A group of researchers from Germany and the United States claims to have found at least a partial cure for xenophobia, a much heralded accomplishment in the wake of a historic migrant crisis that has swept more than 1.7 million Muslim refugees from the Middle East and Africa into Europe’s cities and led to fissures in social cohesion that some predict have sewn the seeds of civil war.
According to the researchers, the hormone drug oxytocin administered in combination with peer influence caused people inclined to have “negative attitudes” toward migrants to actually want to reach out and help them.
“Researchers have shown in a new study that the bonding hormone oxytocin together with social norms significantly increases the willingness to donate money to refugees in need, even in people who tend to have a skeptical attitude towards migrants,” the study concluded.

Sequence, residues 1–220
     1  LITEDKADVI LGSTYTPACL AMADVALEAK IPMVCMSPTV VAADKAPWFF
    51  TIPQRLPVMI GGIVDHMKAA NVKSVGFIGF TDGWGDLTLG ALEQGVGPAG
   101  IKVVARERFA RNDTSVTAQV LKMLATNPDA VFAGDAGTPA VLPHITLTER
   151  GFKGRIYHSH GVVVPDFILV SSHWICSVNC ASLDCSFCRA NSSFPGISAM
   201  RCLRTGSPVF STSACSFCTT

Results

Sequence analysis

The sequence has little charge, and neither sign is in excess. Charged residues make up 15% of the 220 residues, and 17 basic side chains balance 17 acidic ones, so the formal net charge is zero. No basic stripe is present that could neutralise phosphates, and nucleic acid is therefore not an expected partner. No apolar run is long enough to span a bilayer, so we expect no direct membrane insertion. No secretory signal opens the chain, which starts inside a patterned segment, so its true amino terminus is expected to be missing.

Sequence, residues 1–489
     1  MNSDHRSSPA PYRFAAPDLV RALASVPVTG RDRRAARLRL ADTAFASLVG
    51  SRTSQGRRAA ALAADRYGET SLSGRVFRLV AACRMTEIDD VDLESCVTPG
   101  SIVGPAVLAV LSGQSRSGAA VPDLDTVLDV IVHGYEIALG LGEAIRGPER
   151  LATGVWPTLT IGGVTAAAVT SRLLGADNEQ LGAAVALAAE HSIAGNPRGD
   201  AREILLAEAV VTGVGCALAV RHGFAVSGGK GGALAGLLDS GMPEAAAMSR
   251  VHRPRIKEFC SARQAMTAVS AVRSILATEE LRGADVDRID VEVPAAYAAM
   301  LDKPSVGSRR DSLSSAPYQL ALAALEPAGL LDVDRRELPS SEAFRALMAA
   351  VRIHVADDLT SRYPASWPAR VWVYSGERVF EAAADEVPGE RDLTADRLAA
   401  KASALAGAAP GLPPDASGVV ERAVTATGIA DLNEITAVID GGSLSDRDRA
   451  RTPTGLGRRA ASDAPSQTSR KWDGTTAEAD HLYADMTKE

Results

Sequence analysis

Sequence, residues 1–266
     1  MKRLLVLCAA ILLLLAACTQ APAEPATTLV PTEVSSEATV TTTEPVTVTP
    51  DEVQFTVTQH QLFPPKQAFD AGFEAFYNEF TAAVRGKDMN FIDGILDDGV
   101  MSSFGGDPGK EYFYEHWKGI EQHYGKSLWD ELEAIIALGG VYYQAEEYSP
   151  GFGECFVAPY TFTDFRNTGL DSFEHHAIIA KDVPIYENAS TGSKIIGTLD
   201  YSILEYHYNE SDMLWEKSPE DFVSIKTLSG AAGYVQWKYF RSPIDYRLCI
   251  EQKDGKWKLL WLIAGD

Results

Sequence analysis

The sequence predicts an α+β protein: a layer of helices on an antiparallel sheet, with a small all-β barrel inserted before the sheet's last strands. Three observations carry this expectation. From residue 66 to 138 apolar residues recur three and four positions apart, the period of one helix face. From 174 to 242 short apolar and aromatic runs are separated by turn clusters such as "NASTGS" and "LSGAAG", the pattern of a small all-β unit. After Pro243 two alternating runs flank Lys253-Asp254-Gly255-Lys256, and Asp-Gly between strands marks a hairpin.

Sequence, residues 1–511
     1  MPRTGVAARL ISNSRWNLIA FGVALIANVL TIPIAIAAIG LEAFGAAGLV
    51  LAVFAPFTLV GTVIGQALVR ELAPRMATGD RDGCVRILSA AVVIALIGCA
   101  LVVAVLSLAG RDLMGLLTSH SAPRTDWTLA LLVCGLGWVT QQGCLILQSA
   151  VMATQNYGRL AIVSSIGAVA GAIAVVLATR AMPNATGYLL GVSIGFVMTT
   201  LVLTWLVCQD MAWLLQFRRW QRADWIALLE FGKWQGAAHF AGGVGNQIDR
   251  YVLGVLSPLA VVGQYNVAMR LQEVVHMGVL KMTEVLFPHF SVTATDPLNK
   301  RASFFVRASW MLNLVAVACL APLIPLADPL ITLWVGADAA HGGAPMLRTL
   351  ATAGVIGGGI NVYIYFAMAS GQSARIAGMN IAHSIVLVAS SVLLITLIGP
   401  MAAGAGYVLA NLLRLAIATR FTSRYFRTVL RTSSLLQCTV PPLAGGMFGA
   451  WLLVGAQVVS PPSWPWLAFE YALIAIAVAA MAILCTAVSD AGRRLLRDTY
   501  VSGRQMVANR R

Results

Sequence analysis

The experiment was carried out on three test groups by researchers at the University of Bonn Medical Center in cooperation with the Laureate Institute for Brain Research in Tulsa, Oklahoma, and the University of Lübeck in northern Germany. They conducted three experiments in which they tested a total of 183 subjects, who were all German natives. The subjects were asked to read about the needs of real-life refugee families and decide whether to donate money to them or to native German families with needs. (Read more from “Hormones Used to Cure Fear of Migrants?” HERE)